Tuesday, July 22, 2008

Final Reflection: Poem

I Never Want to Forget Any of You
(In Remembrance and Celebration of “Reading, Writing, and Teaching the Holocaust,”
July 7 – 18, 2008)

By Valerie Diane Bolling

I never want to forget …
Sue’s tears which display her deep sensitivity for all living things and her desire to preserve beauty in the world as she does in her monolithic rock gardens
Tom’s strong sense of Catholicism, slow, easy smile, and poetic words from one who didn’t think he could write poetry
Beth as an inspiration to all young people that you can be born to a teenage mother, cope with family loss and personal illness, and still emerge with a Ph.D.
Thomas’ love for sports and music, and his remembrance of addresses and awareness of the kind of superiority competitive sports can breed
Steve’s ability to find poetry in the streets of New York and how wonderful it was that he could share this with his wife (his “passion and inspiration”) and valedictorian daughter
Jan’s ability to recognize that combating prejudice must start at home -- we must not only look at the atrocities committed on others’ soil but also on our own
Risha’s beauty, strapless dress or not, gorgeous singing and spoken voice, and love of shopping; I’ll also remember to keep Clay in my prayers
Danielle – Risha’s partner in crime -- if shopping for purses and cashminas is a crime, and her vast knowledge of technology and ability to weave words into magic
Billie’s spirit, knowledge and love of literature and plays -- oh to be a student in her classroom
Wendy’s melodic voice, coming from a place of wisdom and questioning and figuring out where she -- and we all -- might fit into this world
Ilka’s never-ending thinking, reflecting, and analyzing, and always her love of Gabryella and the color purple
Gail’s impressive knowledge of technology and of best practices for bringing it into the classroom
Debi’s energy and vitality, effervescence when sharing stories of Lucca, and “self-enrollment” in Jewish society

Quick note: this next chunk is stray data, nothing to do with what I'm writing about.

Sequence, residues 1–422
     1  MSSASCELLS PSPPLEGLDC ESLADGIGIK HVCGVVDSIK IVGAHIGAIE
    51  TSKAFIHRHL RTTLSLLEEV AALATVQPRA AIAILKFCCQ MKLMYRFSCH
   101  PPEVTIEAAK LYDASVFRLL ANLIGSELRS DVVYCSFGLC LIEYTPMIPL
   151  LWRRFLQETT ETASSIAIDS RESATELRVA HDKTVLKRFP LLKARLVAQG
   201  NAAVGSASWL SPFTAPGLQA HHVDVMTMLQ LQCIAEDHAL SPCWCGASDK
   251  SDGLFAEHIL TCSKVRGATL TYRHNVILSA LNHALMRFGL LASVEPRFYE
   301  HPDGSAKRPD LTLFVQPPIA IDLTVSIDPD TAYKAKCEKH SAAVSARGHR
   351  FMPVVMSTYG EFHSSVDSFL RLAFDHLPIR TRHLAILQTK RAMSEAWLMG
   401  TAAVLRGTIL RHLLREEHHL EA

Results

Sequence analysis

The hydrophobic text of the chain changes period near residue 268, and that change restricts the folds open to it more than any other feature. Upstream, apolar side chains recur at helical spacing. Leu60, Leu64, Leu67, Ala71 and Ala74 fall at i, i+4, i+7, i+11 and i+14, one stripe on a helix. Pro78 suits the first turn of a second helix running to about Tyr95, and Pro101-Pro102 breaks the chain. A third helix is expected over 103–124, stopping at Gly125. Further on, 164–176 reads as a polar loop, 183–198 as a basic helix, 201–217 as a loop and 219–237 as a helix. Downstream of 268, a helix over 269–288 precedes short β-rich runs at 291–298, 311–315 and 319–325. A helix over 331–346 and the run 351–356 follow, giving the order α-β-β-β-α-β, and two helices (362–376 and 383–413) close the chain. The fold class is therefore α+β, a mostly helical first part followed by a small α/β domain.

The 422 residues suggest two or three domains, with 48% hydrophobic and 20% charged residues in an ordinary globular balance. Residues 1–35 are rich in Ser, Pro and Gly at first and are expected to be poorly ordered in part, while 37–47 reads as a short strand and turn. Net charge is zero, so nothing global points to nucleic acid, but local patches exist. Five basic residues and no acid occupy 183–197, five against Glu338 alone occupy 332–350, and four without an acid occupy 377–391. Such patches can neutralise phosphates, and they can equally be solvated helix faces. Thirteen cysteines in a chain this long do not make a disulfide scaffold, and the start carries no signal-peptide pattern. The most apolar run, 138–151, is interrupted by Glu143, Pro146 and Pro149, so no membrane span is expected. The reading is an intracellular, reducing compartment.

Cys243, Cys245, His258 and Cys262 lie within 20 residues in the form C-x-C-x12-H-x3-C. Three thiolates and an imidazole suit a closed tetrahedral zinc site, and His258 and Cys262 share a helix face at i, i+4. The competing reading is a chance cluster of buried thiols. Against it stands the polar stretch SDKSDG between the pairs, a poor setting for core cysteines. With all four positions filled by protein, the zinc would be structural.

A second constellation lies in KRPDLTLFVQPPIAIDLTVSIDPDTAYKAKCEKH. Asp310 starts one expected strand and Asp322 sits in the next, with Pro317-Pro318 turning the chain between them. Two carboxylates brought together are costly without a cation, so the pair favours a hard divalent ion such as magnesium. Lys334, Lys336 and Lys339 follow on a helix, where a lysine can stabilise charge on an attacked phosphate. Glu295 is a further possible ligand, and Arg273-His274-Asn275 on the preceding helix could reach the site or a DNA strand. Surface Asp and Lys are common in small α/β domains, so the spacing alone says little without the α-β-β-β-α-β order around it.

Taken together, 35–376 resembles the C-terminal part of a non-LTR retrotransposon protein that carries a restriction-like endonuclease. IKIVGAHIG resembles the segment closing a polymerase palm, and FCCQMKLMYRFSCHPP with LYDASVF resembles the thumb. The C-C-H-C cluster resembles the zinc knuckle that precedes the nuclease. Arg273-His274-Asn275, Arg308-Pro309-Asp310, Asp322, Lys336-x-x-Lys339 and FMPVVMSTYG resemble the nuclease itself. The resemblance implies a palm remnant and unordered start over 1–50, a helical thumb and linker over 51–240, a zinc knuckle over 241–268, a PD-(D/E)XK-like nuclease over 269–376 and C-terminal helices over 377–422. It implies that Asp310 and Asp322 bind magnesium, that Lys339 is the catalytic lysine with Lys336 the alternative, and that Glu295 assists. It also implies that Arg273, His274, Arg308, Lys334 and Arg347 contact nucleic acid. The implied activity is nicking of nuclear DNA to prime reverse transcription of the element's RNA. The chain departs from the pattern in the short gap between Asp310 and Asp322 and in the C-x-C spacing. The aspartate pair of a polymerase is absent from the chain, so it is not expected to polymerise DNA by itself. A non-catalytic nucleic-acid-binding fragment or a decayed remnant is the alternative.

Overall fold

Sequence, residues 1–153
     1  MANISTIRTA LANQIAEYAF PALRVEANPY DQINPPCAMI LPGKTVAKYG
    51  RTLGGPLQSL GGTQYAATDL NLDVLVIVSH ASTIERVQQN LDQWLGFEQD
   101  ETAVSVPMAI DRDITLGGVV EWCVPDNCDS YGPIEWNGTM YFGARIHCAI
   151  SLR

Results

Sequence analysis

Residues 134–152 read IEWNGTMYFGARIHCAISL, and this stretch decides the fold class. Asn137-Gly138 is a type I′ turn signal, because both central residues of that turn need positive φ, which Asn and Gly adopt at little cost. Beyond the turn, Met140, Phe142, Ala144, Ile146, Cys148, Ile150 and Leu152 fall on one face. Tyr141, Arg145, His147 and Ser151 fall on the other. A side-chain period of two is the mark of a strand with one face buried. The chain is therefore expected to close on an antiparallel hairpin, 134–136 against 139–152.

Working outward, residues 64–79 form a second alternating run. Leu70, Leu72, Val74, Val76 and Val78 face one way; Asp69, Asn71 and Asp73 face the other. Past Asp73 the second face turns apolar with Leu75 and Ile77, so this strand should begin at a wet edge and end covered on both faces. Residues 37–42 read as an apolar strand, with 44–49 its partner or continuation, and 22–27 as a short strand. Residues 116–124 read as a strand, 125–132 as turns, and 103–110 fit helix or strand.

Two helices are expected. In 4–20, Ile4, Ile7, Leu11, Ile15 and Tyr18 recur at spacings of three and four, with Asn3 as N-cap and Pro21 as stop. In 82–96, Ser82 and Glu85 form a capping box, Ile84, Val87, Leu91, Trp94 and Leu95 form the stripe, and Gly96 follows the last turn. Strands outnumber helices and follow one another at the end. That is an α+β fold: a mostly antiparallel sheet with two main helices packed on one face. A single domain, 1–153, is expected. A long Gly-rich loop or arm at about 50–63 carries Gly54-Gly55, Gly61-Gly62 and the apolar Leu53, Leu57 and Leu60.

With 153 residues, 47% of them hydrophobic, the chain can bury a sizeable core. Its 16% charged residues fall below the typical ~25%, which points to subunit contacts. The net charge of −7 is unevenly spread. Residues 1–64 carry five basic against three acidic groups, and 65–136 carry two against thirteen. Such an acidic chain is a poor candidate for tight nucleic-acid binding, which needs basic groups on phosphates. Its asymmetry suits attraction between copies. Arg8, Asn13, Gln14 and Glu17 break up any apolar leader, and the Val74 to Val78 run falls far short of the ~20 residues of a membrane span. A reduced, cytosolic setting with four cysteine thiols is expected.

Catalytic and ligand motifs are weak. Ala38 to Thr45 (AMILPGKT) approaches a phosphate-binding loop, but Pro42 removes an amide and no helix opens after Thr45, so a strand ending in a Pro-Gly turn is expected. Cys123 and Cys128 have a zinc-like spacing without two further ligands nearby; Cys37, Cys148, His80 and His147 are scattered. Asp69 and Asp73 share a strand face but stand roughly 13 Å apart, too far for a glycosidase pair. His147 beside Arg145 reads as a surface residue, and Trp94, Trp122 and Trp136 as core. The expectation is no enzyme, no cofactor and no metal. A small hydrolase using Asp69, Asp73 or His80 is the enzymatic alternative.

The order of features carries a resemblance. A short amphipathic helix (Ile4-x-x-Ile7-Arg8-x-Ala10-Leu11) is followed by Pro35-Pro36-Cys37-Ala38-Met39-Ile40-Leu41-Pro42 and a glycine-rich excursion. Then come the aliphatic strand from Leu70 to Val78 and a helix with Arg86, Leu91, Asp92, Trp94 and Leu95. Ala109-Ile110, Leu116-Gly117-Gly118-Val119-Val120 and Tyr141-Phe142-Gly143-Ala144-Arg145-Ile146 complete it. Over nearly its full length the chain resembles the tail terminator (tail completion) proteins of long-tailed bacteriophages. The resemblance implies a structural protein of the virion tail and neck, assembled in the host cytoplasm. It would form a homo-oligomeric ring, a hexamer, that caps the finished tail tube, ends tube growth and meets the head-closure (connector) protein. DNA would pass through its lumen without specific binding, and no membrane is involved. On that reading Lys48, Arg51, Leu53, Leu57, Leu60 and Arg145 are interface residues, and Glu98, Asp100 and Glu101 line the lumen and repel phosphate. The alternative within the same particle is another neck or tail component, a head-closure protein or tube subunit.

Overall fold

Leslie’s positive personality, knowledge and scrutiny of politics, and love of walking – thanks for the walking tour of SoHo and SoNo on a rainy evening
Pam’s caring about social justice, the relationships she’s cultivated for herself and her students with the children of Rwanda
Deanne’s cuteness, beautiful brown skin, enjoyment of Larry, and shouts of “Whoo-who!”
Larry’s sense of humor, beer drinking, and role as the creator of our blog -- a way for us to keep in touch and share ideas and writing
Angela’s initial exhilaration at being a part of the group -- a thrill that continued to grow throughout the seminar and ended in tears at the thought of leaving
Alice’s “hostess with the mostest” presence -- making sure we knew exactly how to get to where we were headed -- thank you for that wonderful day in Brooklyn, culminating in a pleasurable time spent at your home
Sondra’s sweet calm, even when she was forced to keep on us a tight schedule, and her openness about her teaching, writing, and personal identities -- thanks for sharing your children with us
Jennifer’s perfect teeth, reflective manner, and willingness to let me borrow her cashmina in the name of comfort and “fashion”
Gatsinzi’s honesty and emotion when apologizing to Gisa for not knowing there had been a genocide “worse” than the one that had claimed his family members in Rwanda
Pat’s decision to be a part of our group, despite family situations at home … and then having to depart suddenly when her family needed her more than we did

I never want to forget ...
How different, similar, and wonderful we all are
We are African, African-American, Native American, Filipino, Finnish, German, Jewish, Catholic, Protestant, Southern, Northern, Midwestern
We are mothers, fathers, daughters, sons, grandparents, grandchildren, friends, readers, writers, thinkers, questioners, researchers
We are teachers
Striving to break the cycle of hate in our classrooms, student by student
And ultimately, the world
Educating not only our students but also family members and friends
So that they know there is no home for prejudice and genocide
In a civilized world
In a world in which we want ALL of our children to live

8 comments:

Ilka said...

I love your wrap up. Than k you so much for the kind comments and perceptive analysis.

<3 Ilka

Danielle said...

Valerie,

Thank you so much for sharing this wonderful piece. I feel like a better person for knowing you! :)

~Danielle

debidurham said...

Ditto from me...you make me smile and remember. oxox Debi

LeslieL said...

Thanks from me as well. I can't stop thinking about our two weeks together. So much to take away!

suehopkins said...

Valerie,
This is so precise and beautiful, just like you. You sum it up so well.
I miss you and everyone and have been talking non-stop about all of the beautiful people I met on my journey.
Love to all,
Sue

Mr. Maerke said...

I think it is now my turn to say "Thanks." If you don't mind, I may "borrow" it (with credit given), especially the end, in describing who we were as a class. I wish I wrote this well.
T

Valerie said...

Thanks to each of you (Ilka, Danielle, Debi, Leslie, Sue, and Thomas) for your kind words; they mean much to me as do each of you. Yes, Thomas, feel free to borrow any of my words that you wish; I would be honored.

Much love to all,

Valerie

Valerie said...
This comment has been removed by the author.